WASHINGTON – The Pew Research Center is reporting that just 6 percent of comments on net neutrality submitted to the Federal Communications Commission (FCC) this year were unique.
Pew examined 21.7 million comments submitted during the formal comment period that ran from April through August. Pew says 94 percent of the comments were taken from canned language that was posted online, or came from organizations like pro-neutrality advocacy groups Fight for the Future, Demand Progress and Free Press, and the anti-regulatory group Taxpayers Protection Alliance.
In April, FCC Chairman Ajit Pai announced plans to repeal the 2015 net neutrality regulations, which reclassified broadband as a utility service and imposed some common carrier regulations, including bans on blocking or throttling content.
In related news, Ars Technica reports that Comcast changed its stance on paid prioritization following Pai’s April 26 announcement. When Comcast denied the report, the publication proved its case by publishing Comcast’s own pledge from its website. Starting in 2014, a Comcast webpage held this statement: "Comcast doesn't prioritize Internet traffic or create paid fast lanes."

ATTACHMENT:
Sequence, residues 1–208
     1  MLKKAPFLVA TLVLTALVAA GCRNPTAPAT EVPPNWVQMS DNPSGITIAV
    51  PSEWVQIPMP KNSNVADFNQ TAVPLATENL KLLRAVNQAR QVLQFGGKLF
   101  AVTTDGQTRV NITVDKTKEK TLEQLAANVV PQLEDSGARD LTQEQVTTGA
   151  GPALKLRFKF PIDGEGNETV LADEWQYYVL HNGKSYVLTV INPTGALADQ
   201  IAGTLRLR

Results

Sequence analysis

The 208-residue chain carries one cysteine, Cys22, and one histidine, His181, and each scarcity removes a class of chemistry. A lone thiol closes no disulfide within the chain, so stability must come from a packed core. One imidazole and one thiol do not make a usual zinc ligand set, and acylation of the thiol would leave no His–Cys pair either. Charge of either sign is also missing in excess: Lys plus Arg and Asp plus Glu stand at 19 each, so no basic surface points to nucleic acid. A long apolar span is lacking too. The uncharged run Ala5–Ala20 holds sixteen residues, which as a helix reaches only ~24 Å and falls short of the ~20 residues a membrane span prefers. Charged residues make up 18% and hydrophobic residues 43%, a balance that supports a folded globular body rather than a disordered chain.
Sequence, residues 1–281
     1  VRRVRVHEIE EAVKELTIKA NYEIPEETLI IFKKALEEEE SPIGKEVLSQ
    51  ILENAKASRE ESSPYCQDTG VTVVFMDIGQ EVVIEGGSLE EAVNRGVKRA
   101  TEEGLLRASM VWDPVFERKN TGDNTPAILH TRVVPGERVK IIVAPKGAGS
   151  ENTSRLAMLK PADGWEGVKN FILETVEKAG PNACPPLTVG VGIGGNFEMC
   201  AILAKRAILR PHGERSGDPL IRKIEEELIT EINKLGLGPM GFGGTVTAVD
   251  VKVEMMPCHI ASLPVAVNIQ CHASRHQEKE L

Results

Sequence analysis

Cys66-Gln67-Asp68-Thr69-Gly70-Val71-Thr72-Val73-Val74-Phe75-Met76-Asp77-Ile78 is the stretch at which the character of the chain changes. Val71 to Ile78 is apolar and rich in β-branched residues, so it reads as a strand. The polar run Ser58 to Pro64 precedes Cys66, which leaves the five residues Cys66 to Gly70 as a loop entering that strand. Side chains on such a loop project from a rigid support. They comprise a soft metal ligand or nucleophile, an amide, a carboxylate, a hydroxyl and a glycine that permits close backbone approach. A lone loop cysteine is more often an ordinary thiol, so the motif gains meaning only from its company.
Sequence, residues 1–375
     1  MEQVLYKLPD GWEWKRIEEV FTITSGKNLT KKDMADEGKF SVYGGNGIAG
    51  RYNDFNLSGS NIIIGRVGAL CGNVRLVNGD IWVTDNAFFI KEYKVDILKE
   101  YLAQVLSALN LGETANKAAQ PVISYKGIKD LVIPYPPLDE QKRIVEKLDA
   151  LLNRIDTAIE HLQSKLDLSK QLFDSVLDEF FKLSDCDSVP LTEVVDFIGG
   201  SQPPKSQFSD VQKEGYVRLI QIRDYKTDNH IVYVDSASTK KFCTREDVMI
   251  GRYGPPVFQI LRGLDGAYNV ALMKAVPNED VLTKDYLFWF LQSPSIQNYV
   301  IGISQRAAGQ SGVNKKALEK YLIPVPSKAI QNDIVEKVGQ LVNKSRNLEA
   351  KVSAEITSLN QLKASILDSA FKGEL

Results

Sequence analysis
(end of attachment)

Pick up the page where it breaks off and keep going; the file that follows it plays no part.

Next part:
That statement remained on the page until April 26. But since April 27, the paid prioritization pledge has been absent.
Comcast released a statement last week indicating it has no plans to establish paid prioritization and that it “won’t block, that we won’t throttle, that we won’t discriminate against lawful content … and have no plans to do so.”
In other news leading up to the planned Dec. 14 net neutrality vote by the FCC, Pai now says repealing the regulations, including the current ban on paid fast lanes, will boost telemedicine.
"By ending the outright ban on paid prioritization, we hope to make it easier for consumers to benefit from services that need prioritization – such as latency-sensitive telemedicine," Pai said. "By replacing an outright ban with a robust transparency requirement and FTC-led consumer protection, we will enable these services to come into being and help seniors."
But contrary to Pai's suggestion, the current rules already allow providers to create fast lanes for telemedicine. The current regulations are often characterized as including "bright-line" prohibitions against blocking, throttling, or paid prioritization.